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Changes in Destructor Semantics

Semantics for class destructors have changed significantly from Managed Extensions for C++ to Visual C++.

In Managed Extensions, a class destructor was permitted within a reference class but not within a value class. This has not changed in the new syntax. However, the semantics of the class destructor have changed. This topic focuses on the reasons of that change and discusses how it affects the translation of existing CLR code. It is probably the most important programmer-level change between the two versions of the language.

Before the memory associated with an object is reclaimed by the garbage collector, an associated Finalize method, if present, is invoked. You can think of this method as a kind of super-destructor because it is not tied to the program lifetime of the object. We refer to this as finalization. The timing of just when or even whether a Finalize method is invoked is undefined. This is what we mean when we say that garbage collection exhibits non-deterministic finalization.

Non-deterministic finalization works well with dynamic memory management. When available memory becomes scarce, the garbage collector kicks in. Under a garbage collected environment, destructors to free memory are unnecessary. Non-deterministic finalization does not work well, however, when an object maintains a critical resource such as a database connection or a lock of some sort. In this case, we should release that resource as soon as possible. In the native world, that is achieved by using a constructor/destructor pair. As soon as the lifetime of the object ends, either when the local block within which it is declared ends, or when the stack unravels because of a thrown exception, the destructor executes and the resource is automatically released. This approach works very well, and its absence under Managed Extensions was sorely missed.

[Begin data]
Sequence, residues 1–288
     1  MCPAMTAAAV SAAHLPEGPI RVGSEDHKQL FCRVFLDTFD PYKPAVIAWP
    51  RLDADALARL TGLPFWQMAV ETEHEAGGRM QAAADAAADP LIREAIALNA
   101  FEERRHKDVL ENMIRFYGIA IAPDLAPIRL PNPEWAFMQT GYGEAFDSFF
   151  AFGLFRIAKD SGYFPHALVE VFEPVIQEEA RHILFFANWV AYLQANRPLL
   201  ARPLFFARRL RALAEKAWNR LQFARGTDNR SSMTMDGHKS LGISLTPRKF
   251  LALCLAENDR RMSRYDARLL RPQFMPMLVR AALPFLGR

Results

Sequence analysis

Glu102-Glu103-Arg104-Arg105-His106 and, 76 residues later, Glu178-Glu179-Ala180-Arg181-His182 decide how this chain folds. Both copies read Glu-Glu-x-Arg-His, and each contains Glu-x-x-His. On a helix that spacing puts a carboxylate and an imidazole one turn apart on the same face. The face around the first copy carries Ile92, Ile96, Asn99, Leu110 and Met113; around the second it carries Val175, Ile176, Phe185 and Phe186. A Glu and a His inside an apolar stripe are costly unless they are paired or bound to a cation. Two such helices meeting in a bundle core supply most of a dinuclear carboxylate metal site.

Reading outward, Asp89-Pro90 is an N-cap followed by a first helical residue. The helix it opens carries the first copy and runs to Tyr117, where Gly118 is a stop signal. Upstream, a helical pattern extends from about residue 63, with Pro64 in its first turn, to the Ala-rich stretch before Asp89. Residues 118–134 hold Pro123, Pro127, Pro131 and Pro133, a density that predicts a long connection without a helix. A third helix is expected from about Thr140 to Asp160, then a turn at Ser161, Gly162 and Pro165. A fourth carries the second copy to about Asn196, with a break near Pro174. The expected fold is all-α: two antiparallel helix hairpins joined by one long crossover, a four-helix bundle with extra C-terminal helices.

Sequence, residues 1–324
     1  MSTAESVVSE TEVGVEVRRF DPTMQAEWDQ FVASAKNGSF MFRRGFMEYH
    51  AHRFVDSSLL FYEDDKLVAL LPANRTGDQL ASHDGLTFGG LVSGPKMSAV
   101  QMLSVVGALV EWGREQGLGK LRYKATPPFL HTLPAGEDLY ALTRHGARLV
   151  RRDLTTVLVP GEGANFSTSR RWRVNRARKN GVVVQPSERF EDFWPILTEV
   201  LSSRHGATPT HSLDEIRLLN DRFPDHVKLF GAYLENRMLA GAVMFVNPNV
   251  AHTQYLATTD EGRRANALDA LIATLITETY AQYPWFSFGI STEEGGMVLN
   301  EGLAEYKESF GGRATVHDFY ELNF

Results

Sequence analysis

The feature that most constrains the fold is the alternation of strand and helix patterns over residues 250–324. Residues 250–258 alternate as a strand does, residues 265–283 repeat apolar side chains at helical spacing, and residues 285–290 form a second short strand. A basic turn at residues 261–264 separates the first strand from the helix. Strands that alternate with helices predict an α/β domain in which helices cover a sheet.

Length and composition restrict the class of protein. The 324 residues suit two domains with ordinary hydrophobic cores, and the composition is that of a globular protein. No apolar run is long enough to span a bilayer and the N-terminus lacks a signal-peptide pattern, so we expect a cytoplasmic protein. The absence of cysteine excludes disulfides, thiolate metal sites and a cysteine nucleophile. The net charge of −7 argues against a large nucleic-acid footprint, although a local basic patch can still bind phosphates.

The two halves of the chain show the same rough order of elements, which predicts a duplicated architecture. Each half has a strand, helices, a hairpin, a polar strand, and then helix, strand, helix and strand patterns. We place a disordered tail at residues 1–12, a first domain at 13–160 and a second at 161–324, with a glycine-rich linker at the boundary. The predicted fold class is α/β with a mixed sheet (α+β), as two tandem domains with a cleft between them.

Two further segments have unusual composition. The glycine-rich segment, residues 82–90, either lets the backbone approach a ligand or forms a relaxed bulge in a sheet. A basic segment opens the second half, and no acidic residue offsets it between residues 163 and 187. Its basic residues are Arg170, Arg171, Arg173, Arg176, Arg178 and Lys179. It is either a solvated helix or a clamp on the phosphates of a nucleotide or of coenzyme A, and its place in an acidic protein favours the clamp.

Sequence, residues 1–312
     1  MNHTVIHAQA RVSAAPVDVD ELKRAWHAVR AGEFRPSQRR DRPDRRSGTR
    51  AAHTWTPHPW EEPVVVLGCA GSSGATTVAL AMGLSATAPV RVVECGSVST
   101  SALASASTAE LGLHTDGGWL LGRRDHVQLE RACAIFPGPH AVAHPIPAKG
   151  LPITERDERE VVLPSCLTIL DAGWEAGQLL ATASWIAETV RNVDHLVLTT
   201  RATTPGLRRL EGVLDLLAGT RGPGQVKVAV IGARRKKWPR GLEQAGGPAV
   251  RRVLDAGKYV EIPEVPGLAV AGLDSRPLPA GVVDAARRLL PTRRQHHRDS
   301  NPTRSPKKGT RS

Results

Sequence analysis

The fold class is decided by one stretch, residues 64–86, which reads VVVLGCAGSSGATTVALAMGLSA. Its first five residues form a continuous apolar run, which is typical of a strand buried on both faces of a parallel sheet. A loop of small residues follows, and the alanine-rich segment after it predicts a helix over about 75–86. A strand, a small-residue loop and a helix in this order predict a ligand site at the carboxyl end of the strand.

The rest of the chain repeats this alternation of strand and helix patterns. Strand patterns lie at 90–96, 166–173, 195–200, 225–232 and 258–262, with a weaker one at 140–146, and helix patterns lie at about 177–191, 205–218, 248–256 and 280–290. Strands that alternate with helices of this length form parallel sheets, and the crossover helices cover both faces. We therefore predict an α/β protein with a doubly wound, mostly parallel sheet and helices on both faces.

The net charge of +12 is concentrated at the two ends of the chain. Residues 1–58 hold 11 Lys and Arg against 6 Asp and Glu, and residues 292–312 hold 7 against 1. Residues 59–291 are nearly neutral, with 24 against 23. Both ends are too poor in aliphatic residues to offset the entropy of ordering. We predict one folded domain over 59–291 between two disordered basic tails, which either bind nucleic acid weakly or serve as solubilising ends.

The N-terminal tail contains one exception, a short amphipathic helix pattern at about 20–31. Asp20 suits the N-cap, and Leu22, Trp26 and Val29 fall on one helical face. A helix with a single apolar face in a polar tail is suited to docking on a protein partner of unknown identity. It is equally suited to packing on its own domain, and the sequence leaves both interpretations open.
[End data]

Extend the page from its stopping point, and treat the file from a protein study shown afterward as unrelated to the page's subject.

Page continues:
The solution provided by the CLR is for a class to implement the Dispose method of the IDisposable interface. The problem here is that Dispose requires an explicit invocation by the user. This is error-prone. The C# language provides a modest form of automation in the form of a special using statement. The Managed Extensions design provided no special support.

In Managed Extensions, the destructor of a reference class is implemented by using the following two steps:

  1. The user-supplied destructor is renamed internally to Finalize. If the class has a base class (remember, under the CLR Object Model, only single inheritance is supported), the compiler injects a call to its finalizer following execution of the user-supplied code. For example, consider the following simple hierarchy taken from the Managed Extensions language specification:

__gc class A {
public:
   ~A() { Console::WriteLine(S"in ~A"); }
};
   
__gc class B : public A {
public:
   ~B() { Console::WriteLine(S"in ~B");  }
};

In this example, both destructors are renamed Finalize. B's Finalize has an invocation of A's Finalize method added following the invocation of WriteLine. This is what the garbage collector will by default invoke during finalization. Here is what this internal transformation might look like: